Frequently Asked Questions

1. Which interface levels are supported by the SATELLINE-EASy / -EASy 869 / TR1 / TR1-869?
2. I have a SATELLAR-1DS/10DS in the Source Routing Mode. Can I do data and NMS monitoring simultaneously?
3. What should be taken into account when configuring SATELLAR network with repeater stations running in the Packet Mode?
4. Why the Basic mode (sometimes referred to as transparent mode) is not working in SATELLAR?
5. What do I need to take into account about configuring SATELLAR-2DS to synchronize its time from NTP server?
6. I need a RS-485 as a part of my or my customer’s SATELLAR solution. What do I need to take into account?
7. What is the end-to-end latency of the SATEL I-LINK 100 communication? How fast is the command from I-LINK 100 to another one?
8. How to get RSSI and SNR values from SATELLAR radio network via WEB browser?
9. Channel spacing vs. channel width
10. 868 ... 869 MHz frequency range duty cycle limitation, what does that mean?


Q1: Which interface levels are supported by the SATELLINE-EASy / -EASy 869 / TR1 / TR1-869 ?

A:

RS-232
RS-422
TTL
LVTTL
RS-485
EASy
X
X
**

**

TR1
X
X
X
X
EASy 869
X
X
TR1 869
X
X
X
X

*For the RS-485 operation, the port2 must be configured by the user to RS422 mode and then take care of the termination by the external cable or adapter. The difference of NARS2 and CRS-PB is that NARS2 provides two wire connectivity (4-wire for RS422), whereas the CRS-PB provides D9 connectivity.
** Must be ordered separately
The wiring diagram of the external adaptation for RS-485
The YC0485 (NARS2) wiring diagram
The CRS-PB (YC0501) wiring diagram


Q2: I have a SATELLAR-1DS/10DS in the Source Routing Mode. Can I do data and NMS monitoring simultaneously?

A: If your modem has the physical serial port in mode  RS-232, you can connect an Y-cable (YC0500) to the port and have both, data and NMS monitoring, at the same time. If the port is supporting RS-422/RS485, this is not possible.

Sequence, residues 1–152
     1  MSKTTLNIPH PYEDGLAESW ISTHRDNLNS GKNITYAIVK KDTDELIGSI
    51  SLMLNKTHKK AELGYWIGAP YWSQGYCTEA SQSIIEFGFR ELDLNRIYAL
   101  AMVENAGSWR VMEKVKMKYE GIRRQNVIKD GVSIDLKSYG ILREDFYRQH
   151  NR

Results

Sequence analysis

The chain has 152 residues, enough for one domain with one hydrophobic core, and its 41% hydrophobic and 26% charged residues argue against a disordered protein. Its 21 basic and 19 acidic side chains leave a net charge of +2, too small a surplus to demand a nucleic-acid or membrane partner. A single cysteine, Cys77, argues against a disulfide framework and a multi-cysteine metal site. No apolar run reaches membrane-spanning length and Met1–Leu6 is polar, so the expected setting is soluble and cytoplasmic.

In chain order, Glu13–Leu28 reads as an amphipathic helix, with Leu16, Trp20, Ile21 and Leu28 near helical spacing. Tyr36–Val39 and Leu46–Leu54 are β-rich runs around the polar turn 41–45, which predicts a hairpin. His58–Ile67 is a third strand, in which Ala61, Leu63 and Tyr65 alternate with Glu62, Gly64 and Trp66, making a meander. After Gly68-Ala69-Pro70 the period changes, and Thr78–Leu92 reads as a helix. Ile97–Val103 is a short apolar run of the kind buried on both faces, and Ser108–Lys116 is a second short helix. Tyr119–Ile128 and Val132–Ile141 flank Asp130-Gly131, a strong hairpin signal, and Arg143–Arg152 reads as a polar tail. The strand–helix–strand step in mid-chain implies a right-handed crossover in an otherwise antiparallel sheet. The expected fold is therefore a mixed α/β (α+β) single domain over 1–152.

Read the full answer.


Q3: What should be taken into account when configuring SATELLAR network with repeater stations running in the Packet Mode?

A: All repeater stations can be SATELLAR-1DS, if they only repeat the received data to the next station (and do not for example forward IP packets to other networks or do Serial IP functions). Forwarding via repeaters is done based on Packet Routes and RMAC addresses and processed by the RU.
The Routing / IP / IP Header Compression  must be switched to "OFF" for all modems in the network.
The Modem Settings / Packet Mode Radio Access Control / Network Topology must be set to "Repeater" in all modems in the network.
Consider also the effect of the added station to the overall end-to-end latency and the automation protocol used.


Q4: Why the Basic mode (sometimes referred to as transparent mode) is not working in SATELLAR? Radio is not transmitting the data it is receiving from the serial port.

A: With the Central Unit (CU) firmware version 1.3310 and earlier and (Radio Unit) RU firmware version 5.5.0.0 or earlier, set the Modem Settings / Packet Mode Radio Access Control / Training Sequence Length to value “Full”. In newer versions (when available), you are able to enable the basic mode regardless of the Training Sequence Length parameter.